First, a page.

Pao (袍): any closed full-body garment, worn only by men in Hanfu

Ru (襦): open cross-collar shirt

Shan (衫): open cross-collar shirt or jacket that is worn

Qun (裙) or Chang (裳): skirt for women and men

Ku (裈): trousers or pants

Apart from these, ancient Han Chinese were also accessorized with tassels and jade pendants or various ornaments hung from the belt or sash, known as Pei (珮).

Follows are the introduction of some Hanfu styles.

Zhongyi (中衣): inner garments, mostly white cotton or silk

Shanqun (衫裙): a short coat with a long skirt

Ruqun (襦裙): a top garment with a separate lower garment or skirt

Kuzhe (裤褶): a short coat with trousers

Zhiduo/Zhishen (直裰/直身): a Ming Dynasty style robe, similar to a shenyi but with vents at the side and ‘stitched sleeves’

Daopao/Fusha (道袍/彿裟): taoist/ buddhist priests’ full-dress ceremonial robes

Xuanduan (玄端): a very formal dark robe; equivalent to the Western white tie

Shenyi (深衣): a long full body garment

Quju (曲裾): diagonal body wrapping

Zhiju (直裾): straight lapels

Yuanlingshan (圆领衫), Lanshan (襕衫) or Panlingpao (盘领袍): closed, round-collared robe; mostly used for official or academic dress

2. Cheongsam

Cheongsam, also known as Qipao (旗袍) in Mandarin, is a traditional dress that has its origins back in the 17th century. It is a type of famine body-hugging dress with distinctive Chinese features of Manchu origin. During the 1920s-1930s, it was called mandarin gown and popularized by upper-class women in Shanghai. (here: learn basic Chinese?)

Qipao History

In the Qing dynasty, China was ruled by Manchus rather than Han Chinese. The rulers used an administrative division called the Eight Banner system. Originally, only the Manchu households were organized within this system, but over them, Mongols and Han Chinese were incorporated.

The Manchus, and anyone living under the Eight Banners system, wore different clothing from ordinary civilians. Such clothing consisted of similar long robes for both men and women and was known as Changpao.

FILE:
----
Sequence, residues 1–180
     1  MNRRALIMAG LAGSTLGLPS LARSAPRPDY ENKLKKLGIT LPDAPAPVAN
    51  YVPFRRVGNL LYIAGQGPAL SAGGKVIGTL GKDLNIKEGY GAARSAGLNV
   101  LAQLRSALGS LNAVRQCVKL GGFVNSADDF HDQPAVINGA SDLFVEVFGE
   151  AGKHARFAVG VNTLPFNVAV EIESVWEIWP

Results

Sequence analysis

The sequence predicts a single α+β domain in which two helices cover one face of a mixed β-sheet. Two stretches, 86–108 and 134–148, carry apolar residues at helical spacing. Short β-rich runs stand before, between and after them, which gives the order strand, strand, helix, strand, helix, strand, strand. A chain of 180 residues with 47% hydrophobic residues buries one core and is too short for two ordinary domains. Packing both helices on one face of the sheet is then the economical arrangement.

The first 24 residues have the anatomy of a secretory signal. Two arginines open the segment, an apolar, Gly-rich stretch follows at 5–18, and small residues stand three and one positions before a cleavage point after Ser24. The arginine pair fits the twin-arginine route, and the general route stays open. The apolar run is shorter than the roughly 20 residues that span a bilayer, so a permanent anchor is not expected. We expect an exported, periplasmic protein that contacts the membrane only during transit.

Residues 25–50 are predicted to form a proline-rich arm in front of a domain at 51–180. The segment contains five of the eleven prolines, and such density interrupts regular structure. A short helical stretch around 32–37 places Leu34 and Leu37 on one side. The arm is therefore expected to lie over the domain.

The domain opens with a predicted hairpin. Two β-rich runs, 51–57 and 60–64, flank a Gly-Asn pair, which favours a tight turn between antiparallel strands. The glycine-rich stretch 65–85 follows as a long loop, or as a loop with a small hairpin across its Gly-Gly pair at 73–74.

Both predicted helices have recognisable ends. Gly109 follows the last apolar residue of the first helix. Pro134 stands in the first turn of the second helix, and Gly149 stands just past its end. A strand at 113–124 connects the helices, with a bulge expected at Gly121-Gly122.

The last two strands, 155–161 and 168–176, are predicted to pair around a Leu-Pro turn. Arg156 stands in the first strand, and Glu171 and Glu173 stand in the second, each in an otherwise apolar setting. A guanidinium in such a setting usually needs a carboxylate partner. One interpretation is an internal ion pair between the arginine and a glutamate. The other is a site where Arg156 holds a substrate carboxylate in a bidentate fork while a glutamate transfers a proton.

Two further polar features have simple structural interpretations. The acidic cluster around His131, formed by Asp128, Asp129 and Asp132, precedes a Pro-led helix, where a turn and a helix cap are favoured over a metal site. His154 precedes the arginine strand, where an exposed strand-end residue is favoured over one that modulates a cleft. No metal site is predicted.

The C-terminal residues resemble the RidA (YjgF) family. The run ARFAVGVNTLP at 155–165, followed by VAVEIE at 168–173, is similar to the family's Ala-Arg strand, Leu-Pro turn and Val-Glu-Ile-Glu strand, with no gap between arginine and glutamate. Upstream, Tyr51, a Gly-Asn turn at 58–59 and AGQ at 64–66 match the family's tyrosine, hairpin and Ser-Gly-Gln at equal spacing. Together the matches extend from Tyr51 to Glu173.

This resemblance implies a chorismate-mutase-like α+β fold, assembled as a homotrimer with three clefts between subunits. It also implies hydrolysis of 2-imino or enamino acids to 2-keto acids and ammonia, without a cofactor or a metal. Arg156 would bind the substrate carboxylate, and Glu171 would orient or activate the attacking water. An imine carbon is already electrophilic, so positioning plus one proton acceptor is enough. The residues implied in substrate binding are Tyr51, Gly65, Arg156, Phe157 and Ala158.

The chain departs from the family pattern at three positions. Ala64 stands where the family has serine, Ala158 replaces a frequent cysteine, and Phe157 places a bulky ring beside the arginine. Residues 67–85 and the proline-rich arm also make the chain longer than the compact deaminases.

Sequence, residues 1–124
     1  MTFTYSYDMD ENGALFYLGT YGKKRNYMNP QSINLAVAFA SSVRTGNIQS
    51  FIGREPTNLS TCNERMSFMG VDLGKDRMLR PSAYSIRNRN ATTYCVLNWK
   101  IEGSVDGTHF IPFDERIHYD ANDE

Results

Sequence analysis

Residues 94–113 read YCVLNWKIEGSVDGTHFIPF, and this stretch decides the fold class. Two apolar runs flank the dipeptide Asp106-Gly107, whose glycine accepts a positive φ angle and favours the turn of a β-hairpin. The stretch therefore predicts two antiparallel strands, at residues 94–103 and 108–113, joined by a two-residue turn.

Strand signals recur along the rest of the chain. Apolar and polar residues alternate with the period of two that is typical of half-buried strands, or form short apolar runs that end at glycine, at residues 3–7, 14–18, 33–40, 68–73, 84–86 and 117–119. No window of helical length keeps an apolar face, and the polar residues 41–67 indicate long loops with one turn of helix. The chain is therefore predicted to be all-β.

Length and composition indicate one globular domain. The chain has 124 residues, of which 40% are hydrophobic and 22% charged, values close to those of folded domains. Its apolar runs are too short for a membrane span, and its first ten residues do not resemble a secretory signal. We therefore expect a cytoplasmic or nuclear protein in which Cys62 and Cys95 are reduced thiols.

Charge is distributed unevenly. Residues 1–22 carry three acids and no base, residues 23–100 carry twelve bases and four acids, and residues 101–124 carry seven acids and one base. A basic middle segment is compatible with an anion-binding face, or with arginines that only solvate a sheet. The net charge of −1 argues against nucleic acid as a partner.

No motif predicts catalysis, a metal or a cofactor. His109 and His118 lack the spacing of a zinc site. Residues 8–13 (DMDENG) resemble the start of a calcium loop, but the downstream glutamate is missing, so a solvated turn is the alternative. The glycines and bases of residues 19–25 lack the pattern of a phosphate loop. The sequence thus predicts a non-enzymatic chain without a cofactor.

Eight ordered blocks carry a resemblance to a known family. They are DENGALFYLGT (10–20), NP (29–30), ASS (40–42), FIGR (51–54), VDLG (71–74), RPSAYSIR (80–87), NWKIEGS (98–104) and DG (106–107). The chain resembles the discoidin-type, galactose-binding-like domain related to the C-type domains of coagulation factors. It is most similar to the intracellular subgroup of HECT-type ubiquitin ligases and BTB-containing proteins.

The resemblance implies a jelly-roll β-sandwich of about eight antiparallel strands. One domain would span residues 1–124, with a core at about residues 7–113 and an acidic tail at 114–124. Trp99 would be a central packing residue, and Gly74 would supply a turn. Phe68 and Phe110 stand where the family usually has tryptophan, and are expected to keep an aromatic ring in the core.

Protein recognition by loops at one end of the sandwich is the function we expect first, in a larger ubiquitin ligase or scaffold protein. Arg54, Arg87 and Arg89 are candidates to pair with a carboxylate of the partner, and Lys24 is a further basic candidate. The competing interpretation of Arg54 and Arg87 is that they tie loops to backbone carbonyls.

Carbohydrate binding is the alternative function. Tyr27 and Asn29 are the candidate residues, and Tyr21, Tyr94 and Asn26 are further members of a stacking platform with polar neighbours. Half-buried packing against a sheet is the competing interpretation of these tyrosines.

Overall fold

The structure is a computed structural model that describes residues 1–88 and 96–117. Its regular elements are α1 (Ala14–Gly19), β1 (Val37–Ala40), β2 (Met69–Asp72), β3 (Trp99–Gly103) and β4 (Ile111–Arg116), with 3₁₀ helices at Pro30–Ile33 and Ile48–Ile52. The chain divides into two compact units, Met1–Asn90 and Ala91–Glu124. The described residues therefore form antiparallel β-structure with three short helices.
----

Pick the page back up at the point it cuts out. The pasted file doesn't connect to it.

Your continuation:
For a period of time, under the dynastic laws after 1636, all Han Chinese were forced under penalty of death to adopt the Manchu male hairstyle, the queue, and dress in Manchu Changpao instead of traditional Han Chinese Clothing.

However, in the 19th century, it was very common for females to wear Qipao on both formal and casual occasions voluntarily.

Nowadays, Cheongsam is recognized around the world and has inspired many foreign adaptations because of its simple yet exotic lines. It is popular because it fits the Chinese female figure well, has simple lines, and looks elegant. It is suitable for wearing all year round for both young and elderly groups.

Modern females do not wear qipao as everyday attire. Cheongsams are now worn only during formal occasions like weddings, parties, and beauty pageants. Qipao is also used as a uniform at some Chinese restaurants, hotels, and, airlines.

It is popularly worn in China as a wedding dress, traditionally in red. Cheongsam is usually embroidered with elaborate gold and silver designs. Brides in southern China wear Qipao or a modified two-piece style, which is elaborately adorned with a gold dragon and phoenix pattern. Dragon and Phoenix is a traditional wedding dress favored by Chinese brides nowadays.